Being an undocumented young person in the United States and trying to navigate accessing a green card can be overwhelming. And on top of that, some young people may deal with harmful relationships with their parents or guardians, leading to more stress in understanding their pathway to remaining in the United States. Special Immigrant Juvenile Status (SIJS) is a form of immigration relief created to support young people, but the process is complicated and young people need thoughtful information to make an informed decision. They also need the support of a lawyer to navigate the different steps.

That’s why The Door collaborated with CUP and designer Grace Han to create a fold-out poster in English, Spanish, and French called Here to Stay! The guide breaks down what SIJS is, the criteria to qualify, the process young people need to work through with the support of a lawyer, and the long-term benefits of SIJS

The project launched at a press conference hosted by The Door. A young person, who applied for their green card through SIJS, spoke about their experience at the event. Designer Grace Han also spoke about what it meant to them to work on this project and how excited they are to see this campaign around the city.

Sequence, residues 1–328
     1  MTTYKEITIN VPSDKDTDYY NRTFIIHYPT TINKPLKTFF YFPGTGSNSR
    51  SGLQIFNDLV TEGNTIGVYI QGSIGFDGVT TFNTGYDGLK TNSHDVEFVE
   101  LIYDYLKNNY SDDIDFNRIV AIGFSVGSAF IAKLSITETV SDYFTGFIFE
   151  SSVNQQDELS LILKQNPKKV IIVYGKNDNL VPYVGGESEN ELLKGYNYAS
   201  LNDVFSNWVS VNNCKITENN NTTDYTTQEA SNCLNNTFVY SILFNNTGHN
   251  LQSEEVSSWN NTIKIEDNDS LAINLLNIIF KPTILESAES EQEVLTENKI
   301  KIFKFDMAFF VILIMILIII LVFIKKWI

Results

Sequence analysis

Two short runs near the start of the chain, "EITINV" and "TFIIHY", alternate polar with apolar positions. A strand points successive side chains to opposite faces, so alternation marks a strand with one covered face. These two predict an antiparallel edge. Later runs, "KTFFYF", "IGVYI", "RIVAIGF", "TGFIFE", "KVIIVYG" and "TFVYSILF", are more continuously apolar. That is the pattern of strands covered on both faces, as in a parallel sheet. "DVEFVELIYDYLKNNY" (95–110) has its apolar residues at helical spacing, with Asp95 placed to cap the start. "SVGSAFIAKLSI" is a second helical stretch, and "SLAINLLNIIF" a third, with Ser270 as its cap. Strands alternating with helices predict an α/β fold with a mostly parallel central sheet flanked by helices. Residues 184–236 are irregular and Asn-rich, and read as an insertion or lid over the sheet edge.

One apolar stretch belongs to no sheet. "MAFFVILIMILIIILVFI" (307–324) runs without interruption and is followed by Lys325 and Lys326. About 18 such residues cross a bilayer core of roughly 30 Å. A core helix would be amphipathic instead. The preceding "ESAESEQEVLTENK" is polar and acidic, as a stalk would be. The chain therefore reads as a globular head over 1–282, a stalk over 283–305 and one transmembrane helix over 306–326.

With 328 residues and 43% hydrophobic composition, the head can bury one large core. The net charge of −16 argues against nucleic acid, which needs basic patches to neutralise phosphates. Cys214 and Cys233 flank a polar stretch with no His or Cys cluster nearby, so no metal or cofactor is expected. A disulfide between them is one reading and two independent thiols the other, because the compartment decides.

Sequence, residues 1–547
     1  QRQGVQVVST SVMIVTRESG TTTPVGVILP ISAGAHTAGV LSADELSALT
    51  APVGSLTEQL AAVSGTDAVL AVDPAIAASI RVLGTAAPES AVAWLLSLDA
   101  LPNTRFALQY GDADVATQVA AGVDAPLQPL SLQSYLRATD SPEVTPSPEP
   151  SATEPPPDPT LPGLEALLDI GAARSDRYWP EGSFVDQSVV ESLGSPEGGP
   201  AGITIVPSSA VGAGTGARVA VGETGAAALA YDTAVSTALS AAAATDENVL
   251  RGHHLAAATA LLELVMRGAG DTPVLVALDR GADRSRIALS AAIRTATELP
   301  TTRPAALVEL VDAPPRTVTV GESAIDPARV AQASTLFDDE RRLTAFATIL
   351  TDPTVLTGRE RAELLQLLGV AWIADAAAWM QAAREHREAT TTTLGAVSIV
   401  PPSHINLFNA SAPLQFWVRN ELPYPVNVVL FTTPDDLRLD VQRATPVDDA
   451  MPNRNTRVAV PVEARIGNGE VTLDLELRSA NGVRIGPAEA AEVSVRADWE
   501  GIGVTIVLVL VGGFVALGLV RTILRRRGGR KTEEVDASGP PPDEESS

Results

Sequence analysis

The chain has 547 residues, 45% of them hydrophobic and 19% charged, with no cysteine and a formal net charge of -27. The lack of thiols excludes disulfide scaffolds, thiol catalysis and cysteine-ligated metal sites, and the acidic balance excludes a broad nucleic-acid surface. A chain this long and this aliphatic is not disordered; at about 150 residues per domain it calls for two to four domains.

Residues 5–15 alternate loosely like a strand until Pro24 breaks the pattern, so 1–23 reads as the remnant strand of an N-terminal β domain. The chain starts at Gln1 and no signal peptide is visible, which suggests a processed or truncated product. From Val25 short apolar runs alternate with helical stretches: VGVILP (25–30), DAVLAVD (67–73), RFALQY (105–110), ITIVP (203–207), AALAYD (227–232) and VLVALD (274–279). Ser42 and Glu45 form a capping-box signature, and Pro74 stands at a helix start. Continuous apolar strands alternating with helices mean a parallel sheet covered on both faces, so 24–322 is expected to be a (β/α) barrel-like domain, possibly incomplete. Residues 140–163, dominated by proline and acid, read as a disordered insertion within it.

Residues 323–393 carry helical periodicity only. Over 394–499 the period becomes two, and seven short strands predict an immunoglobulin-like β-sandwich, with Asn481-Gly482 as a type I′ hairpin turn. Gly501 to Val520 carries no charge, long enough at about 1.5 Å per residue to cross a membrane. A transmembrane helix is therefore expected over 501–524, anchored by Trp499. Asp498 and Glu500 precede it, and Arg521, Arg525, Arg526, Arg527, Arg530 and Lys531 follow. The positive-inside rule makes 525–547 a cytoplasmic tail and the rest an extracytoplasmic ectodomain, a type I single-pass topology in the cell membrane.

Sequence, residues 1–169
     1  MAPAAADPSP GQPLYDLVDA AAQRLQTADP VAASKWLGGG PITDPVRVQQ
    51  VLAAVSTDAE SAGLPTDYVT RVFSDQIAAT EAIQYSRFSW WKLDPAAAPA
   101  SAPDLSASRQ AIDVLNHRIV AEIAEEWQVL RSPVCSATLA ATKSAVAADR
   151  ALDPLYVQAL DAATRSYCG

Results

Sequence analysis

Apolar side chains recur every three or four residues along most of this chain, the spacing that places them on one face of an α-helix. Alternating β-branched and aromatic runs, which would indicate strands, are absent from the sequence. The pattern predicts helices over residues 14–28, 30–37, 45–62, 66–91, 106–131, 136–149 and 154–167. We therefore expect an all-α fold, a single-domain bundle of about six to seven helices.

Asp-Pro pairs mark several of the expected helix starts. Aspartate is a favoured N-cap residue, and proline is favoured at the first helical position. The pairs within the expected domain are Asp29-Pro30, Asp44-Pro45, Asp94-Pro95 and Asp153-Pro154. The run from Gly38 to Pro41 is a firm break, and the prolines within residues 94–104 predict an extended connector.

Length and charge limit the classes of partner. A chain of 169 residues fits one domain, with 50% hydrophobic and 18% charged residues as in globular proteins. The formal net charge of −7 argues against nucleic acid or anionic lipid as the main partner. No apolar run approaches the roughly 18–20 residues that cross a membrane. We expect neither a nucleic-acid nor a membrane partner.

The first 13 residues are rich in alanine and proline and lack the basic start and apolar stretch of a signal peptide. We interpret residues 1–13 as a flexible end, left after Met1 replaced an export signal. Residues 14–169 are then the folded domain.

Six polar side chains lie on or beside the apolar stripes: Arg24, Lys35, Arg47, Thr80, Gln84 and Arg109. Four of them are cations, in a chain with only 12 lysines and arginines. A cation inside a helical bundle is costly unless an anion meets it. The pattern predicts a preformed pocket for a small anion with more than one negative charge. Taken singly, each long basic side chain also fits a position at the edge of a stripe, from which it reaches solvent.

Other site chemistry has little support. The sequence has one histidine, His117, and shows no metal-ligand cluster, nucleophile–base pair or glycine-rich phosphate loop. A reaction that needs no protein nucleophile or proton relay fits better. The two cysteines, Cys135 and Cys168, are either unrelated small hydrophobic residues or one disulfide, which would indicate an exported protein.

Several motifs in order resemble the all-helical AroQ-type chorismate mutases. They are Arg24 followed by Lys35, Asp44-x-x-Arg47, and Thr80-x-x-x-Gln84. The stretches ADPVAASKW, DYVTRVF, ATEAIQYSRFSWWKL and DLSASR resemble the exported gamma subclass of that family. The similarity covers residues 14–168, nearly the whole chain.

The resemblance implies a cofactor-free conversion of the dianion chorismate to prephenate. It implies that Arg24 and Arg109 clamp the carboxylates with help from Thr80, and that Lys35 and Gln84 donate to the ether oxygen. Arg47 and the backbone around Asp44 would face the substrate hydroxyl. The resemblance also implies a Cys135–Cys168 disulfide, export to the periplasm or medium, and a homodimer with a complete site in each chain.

The Door is distributing copies of Here to Stay! to thousands of young people in New York City in order to reach those who most need access to this information. With support from the NYC Mayor’s Office of Immigrant Affairs, the campaign is also currently displayed on LinkNYC kiosks throughout the five boroughs.

Resources & Links

The Door is a nonprofit organization that empowers young people to reach their potential by providing comprehensive development services in a diverse and caring environment. Since 1972, The Door has helped a diverse and rapidly growing population of disconnected youth in New York City gain the tools they need to become successful, in school, work and in life.

Grace Han is an artist and designer from Queens, New York. She is a visiting design critic at the Cooper Union.

Making Policy Public is a program of the Center for Urban Pedagogy (CUP). CUP partners with policy advocates and graphic designers to produce foldout posters that explain complicated policy issues, like this one.

Funding Support

Support for this project was provided by the National Endowment for the Arts and public funds from the New York City Department of Cultural Affairs in partnership with the City Council.

Special Thanks

Amadou, Emerzon, Jemima, Jibril, Kelsey, Irvin, Juleen, Sarahi, Jessica, Muriel, and Sarah.


  • CUP
  • Amanda Finuccio
  • Mark Torrey
  • Elijah Bobo
  • The Door
  • Rachel Davidson
  • Selene Nafisi
  • Designer
  • Grace Han